@Lou, yes when Ford switched to the metric pattern for the Super Duty they switched to the common for heavy duty hub centric set up. So the lug nuts have attached washers that clamp the wheel rather than tapered nuts that have been common for years. They have also done it on some cars. For example the Lincoln LS used hub centric lugs even though they used the same pattern and center bore as used on the Taurus and some other vehicles. So when I put the LS wheels on our Windstar I had to use the LS lug nuts. With those types of wheels the center bore is the only thing that centers the wheel on the hub so it is critical that they match.

            Regarding the Rangers my mother in law has an older 2wd that came with 14″ wheels and 225/70 tires. The last time it came to replace them we found that those tires are getting extinct. So I had a set of wheels from my 92 Crown Vic. The CV hub bore is larger so they work and I put those on and some 205/70 which have the same diameter and sufficient weight capacity.

          • 0 avatar
            Big Al from Oz

            Scoutdude,
            Don’t get me wrong here.

            I do believe the tapered nut is the better of the options, especially with steel rims.

            Using the shank of the stud to support the rim and a washer tells me that is has been adopted due to the use of alloys in the rim construction.

            The tapered nut offers more support than the load being transferred across the stud shank.

            Remember the load is rotational and axial more than thrust/lateral.

            The changes would be driven primarily by the change in rim material. I don’t believe it will provide more support.

            Will it work, yeah.

          • 0 avatar
            Scoutdude

            @ Al, the hub centric design was first common on MD and HD trucks in the US. Though in those applications they are known as hub piloted and lug piloted. With the hub centric/ hub piloted design the load of the vehicle is directly transferred to the hub by that interface and the stud and nut only need to provide the clamping force.

            Of course the reality is that many modern vehicles are hub centric (at least with factory wheels) and still use those tapered nuts.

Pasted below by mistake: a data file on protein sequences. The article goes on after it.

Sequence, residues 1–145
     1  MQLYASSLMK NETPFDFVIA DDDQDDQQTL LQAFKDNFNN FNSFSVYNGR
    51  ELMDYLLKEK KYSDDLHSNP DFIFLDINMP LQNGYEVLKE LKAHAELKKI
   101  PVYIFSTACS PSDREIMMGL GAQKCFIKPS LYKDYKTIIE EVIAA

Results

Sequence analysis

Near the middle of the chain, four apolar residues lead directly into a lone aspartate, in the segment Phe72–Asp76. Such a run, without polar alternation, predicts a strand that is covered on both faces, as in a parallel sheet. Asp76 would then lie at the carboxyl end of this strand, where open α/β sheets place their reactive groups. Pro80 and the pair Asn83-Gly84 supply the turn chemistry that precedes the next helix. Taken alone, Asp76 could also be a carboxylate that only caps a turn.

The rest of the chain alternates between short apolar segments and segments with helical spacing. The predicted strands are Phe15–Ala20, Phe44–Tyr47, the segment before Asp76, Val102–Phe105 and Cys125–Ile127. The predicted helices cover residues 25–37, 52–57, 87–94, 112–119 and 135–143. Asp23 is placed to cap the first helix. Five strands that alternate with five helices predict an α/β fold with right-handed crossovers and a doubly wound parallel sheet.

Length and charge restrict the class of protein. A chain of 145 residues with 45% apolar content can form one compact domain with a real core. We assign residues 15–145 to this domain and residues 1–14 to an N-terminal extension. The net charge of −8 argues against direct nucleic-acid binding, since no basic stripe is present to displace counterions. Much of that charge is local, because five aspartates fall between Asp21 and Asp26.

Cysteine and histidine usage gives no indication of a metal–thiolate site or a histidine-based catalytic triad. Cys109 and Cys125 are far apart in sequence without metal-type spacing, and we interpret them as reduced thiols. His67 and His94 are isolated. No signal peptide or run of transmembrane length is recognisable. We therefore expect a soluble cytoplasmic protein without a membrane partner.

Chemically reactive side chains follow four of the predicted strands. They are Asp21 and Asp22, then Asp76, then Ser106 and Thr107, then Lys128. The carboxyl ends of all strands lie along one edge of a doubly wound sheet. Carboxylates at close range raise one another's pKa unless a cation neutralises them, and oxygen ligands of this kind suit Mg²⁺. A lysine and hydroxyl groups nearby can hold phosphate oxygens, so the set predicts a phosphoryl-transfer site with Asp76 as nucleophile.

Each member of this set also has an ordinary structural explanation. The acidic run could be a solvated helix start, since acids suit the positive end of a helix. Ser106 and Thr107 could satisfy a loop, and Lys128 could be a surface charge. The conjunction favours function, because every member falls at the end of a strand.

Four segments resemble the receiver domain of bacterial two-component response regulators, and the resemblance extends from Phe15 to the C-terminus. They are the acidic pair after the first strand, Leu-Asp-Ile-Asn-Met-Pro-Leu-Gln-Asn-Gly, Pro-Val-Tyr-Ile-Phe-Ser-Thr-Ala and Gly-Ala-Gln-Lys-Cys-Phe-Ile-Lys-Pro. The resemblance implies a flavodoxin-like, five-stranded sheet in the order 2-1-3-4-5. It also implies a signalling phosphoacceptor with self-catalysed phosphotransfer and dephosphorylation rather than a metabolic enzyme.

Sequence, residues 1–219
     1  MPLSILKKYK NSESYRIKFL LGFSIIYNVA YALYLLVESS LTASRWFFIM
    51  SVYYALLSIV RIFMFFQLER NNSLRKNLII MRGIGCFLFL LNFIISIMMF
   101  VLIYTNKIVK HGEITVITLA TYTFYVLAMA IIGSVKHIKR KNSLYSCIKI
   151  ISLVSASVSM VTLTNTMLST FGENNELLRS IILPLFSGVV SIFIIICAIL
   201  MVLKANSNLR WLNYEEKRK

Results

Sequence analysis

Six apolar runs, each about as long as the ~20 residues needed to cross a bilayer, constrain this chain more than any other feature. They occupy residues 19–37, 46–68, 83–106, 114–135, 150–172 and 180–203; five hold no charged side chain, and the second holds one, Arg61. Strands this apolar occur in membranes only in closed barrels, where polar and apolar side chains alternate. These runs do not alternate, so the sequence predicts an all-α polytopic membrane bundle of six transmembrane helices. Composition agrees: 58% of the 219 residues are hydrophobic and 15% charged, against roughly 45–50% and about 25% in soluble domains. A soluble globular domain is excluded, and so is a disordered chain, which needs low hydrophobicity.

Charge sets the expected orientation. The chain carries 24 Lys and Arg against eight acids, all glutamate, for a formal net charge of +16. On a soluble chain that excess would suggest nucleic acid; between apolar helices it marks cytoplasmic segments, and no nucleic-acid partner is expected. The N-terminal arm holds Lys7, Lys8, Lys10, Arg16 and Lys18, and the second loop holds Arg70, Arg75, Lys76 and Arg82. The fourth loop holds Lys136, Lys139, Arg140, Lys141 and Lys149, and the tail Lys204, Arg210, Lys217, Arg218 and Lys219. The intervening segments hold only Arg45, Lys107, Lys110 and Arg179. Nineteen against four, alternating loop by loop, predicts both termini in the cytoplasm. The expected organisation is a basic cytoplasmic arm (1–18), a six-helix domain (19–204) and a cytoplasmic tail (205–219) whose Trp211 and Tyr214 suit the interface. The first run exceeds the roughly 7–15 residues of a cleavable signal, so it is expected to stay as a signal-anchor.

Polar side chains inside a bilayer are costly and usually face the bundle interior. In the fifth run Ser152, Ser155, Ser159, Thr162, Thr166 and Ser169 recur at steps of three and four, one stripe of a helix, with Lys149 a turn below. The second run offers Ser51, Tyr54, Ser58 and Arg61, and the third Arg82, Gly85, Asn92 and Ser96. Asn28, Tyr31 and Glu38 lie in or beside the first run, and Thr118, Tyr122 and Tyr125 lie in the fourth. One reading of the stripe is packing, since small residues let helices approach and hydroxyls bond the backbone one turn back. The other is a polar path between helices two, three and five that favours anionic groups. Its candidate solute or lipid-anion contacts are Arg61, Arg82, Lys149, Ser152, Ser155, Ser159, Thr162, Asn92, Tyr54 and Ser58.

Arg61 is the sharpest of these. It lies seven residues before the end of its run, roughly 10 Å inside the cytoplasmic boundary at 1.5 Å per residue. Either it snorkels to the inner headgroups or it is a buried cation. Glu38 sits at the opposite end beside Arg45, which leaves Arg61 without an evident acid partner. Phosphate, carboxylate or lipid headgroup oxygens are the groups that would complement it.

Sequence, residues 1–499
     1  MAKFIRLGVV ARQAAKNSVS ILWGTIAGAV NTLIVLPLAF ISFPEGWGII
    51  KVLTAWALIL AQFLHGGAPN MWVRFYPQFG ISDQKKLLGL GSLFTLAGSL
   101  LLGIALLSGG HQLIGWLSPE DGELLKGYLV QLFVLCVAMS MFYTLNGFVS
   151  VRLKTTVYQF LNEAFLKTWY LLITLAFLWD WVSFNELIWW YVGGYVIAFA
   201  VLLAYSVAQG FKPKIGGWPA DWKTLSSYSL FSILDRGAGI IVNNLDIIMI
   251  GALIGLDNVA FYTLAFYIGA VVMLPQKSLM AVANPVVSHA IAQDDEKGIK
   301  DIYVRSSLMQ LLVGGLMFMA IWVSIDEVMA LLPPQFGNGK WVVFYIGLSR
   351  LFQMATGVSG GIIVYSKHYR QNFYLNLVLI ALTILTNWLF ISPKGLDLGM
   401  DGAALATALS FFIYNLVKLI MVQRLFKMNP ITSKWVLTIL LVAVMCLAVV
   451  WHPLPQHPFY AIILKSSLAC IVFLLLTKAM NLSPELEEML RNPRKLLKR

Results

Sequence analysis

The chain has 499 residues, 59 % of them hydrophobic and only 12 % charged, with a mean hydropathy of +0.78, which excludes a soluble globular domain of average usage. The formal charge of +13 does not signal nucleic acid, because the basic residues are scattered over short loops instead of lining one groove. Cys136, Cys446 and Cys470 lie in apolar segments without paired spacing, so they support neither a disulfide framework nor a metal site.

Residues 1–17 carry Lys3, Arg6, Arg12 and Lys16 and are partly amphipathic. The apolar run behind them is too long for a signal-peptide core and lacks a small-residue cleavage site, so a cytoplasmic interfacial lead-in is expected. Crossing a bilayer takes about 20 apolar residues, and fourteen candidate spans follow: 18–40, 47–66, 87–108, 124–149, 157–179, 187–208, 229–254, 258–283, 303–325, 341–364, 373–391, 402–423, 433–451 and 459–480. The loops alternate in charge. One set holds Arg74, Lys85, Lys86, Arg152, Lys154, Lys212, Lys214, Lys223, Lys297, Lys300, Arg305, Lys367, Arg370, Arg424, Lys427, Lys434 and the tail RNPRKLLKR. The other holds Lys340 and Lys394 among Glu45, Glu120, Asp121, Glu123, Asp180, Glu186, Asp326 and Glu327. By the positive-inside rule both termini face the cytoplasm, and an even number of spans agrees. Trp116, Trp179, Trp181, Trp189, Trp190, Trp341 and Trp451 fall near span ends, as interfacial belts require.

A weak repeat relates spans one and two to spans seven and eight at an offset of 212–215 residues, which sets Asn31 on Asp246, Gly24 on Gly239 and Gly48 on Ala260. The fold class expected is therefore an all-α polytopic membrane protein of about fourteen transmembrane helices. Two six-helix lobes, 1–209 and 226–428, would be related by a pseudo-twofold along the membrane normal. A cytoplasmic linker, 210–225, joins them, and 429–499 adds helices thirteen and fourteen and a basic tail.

One of the factors for moving to that design on the big trucks was for the dual wheel applications. It is much simpler to have a wheel that is flat on both sides instead of needing the taper on both sides, alignment dowels, thimbles, clamping rings and that whole mess.

            The hub pilot method is cheaper and easier to service than the other methods of aligning inners.

            So on the Super Duty Ford apparently decided they wanted to go that way and then in becomes simpler and cheaper to have the same set up for single and dual wheel vehicles. So cost savings are certainly a consideration.

            As far as being driven by wheel material that is not a consideration they started on good old steel wheels on MD and HD trucks and on the Super Duty that same system is used with the steel and aluminum wheels. Part of that is again driven by the need for one size fits all. The truck with the optional aluminum wheels will have a steel spare and you don’t want to have a 5th set of lugs just for the spare. Inevitably some people would loose them and would then be stuck if they got a flat. Personally I wouldn’t though because I come from the days of the early aluminum “mag” wheels with their special shank lug nuts and the need to have that set of original lugs for the spare.

          • 0 avatar
            Lou_BC

            Scoutdude – I can see the benefit of a hub centric design.
            I often helped my dad change flats on his R600 Mack and it was a pain in the ass. Especially the inside dual. It basically was pressed into place by a spacer between the wheels and the outside wheel anchored it.